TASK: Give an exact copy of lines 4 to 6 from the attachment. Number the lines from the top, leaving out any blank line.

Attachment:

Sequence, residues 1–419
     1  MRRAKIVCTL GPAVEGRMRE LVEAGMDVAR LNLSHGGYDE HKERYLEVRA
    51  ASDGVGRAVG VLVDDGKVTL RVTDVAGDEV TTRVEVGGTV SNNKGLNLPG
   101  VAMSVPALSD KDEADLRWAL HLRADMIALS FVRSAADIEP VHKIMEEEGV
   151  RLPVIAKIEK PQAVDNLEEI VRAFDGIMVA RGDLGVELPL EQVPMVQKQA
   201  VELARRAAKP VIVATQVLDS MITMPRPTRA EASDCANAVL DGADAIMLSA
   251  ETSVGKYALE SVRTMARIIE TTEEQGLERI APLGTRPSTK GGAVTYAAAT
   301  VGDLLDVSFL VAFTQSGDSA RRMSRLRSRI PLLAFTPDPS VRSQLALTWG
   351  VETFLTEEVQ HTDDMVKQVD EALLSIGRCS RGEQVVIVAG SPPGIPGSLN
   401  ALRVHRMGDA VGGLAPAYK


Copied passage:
   101  VAMSVPALSD KDEADLRWAL HLRADMIALS FVRSAADIEP VHKIMEEEGV
   151  RLPVIAKIEK PQAVDNLEEI VRAFDGIMVA RGDLGVELPL EQVPMVQKQA
   201  VELARRAAKP VIVATQVLDS MITMPRPTRA EASDCANAVL DGADAIMLSA